“But the truth is those tests boil down to these two questions: what do you like to do, and what are you good at?” This may often match. If we live by the spirit, is Jesus is alive in us, if we get smaller and He gets greater in us. If this is not the condition I’m sorry to say that your statement doesn’t make any sense. In these wrongly understood charismatic circles the prayer is often: “Holy spirit, give ME the gift / the strength to do this or that”. The Bible states: “The Holy Spirit IS the strength IN You” !

    • Good point Yohanan. This is all predicated on living a life submitted to God’s Spirit.

  • Alan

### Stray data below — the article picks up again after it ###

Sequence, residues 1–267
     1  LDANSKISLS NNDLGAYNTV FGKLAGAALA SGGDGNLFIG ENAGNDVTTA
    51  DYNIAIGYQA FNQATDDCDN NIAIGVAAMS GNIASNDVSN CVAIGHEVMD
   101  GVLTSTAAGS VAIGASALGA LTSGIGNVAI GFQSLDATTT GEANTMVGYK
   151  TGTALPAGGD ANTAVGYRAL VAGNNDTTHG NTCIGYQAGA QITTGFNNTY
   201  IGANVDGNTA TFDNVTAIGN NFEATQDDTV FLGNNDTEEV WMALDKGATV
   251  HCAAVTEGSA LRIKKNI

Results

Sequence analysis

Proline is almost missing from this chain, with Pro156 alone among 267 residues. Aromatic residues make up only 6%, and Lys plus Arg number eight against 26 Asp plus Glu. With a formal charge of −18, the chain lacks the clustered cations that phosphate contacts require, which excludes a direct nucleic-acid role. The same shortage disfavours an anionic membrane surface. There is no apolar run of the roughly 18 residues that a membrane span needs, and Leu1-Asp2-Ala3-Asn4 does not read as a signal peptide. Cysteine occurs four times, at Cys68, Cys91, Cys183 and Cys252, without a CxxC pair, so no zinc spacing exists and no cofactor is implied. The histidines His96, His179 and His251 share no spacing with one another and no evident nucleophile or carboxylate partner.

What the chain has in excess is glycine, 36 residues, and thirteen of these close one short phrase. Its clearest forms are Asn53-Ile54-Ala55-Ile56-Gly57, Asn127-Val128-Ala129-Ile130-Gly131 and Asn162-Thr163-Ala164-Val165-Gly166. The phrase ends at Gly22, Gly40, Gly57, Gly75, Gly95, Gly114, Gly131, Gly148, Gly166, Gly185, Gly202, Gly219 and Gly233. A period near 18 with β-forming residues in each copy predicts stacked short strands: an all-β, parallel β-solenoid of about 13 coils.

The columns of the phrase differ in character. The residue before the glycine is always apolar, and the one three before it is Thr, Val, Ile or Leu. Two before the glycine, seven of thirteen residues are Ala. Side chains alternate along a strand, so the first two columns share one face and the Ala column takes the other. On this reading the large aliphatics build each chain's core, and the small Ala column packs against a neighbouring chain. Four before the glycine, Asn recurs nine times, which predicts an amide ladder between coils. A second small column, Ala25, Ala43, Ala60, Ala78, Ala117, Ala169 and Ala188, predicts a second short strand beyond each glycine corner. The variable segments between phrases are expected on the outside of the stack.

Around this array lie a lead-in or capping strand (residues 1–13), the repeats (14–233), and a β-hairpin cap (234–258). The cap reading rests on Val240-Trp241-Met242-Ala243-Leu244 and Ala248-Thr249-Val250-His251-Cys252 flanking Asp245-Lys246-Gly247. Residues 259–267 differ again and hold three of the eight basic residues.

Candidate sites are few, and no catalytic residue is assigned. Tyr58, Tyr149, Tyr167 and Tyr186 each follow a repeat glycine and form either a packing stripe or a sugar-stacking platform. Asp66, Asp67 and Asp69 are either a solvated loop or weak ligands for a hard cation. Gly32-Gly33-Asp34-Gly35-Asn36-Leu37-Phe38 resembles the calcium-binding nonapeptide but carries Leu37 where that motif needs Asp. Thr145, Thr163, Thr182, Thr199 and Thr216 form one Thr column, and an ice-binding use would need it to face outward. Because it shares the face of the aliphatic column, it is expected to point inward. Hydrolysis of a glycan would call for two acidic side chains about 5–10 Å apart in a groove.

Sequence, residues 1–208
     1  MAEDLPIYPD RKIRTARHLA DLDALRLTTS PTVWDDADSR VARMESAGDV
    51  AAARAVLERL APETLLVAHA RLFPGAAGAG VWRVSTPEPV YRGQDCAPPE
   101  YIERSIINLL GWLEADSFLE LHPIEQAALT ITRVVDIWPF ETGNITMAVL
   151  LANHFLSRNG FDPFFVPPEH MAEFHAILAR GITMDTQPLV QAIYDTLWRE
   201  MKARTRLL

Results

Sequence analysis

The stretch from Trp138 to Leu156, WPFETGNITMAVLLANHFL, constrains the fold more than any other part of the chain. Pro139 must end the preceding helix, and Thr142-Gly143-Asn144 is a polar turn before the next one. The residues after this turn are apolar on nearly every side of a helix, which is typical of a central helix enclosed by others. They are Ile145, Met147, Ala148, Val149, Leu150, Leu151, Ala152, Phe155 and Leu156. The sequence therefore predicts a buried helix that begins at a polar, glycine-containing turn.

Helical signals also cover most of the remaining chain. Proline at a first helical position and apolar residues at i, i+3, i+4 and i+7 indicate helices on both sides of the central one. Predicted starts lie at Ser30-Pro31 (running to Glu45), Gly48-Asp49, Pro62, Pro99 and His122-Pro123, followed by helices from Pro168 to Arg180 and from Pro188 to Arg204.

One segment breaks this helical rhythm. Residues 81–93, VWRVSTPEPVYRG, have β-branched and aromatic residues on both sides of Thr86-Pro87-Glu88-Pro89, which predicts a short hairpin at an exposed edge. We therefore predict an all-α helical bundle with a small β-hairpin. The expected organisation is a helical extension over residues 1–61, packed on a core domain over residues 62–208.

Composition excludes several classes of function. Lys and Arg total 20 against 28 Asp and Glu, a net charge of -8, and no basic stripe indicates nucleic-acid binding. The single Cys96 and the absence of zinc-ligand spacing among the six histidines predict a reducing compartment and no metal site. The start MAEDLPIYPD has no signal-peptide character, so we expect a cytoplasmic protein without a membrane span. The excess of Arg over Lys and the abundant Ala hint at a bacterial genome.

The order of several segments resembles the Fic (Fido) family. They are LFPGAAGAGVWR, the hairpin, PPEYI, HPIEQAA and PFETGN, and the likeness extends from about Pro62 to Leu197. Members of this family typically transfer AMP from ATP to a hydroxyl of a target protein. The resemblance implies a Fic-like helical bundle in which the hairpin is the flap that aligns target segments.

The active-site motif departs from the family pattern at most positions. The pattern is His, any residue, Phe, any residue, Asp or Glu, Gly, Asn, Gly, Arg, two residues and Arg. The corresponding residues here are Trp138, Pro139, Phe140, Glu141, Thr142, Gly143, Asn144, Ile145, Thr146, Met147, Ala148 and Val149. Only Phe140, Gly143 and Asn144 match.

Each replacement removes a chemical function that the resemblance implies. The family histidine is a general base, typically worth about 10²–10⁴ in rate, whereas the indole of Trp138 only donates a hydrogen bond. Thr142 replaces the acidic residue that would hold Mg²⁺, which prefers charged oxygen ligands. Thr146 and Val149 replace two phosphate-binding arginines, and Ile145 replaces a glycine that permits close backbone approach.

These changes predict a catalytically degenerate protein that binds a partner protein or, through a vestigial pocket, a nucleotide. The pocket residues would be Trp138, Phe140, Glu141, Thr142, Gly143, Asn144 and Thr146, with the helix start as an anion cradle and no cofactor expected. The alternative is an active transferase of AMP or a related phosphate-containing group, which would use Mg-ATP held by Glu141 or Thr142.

With the lack of discernment and the low biblical literacy in the church today, this prescription seems inadequate and dangerous–if that’s not too strong a word to use. What Ryrie rightly pointed out was that obedience is primary, not seeking after gifts or self-perceived assessments. Just as the heart is wicked and deceitful, so too is the weak-minded Christian unable to make a healthy assessment about his/her giftedness. What we like or what we do well is not the barometer we might think it is. We might be happy and able to do things that are not even listed as gifts, and could even be bad (sinful) habits or self-aggrandizing (poor) character traits. (i.e. we might like to talk a lot and be really good at it, but we might be poor theologians or even fools and it would be better to keep silent than to assume that our glibness or gregariousness equates to spiritual giftedness)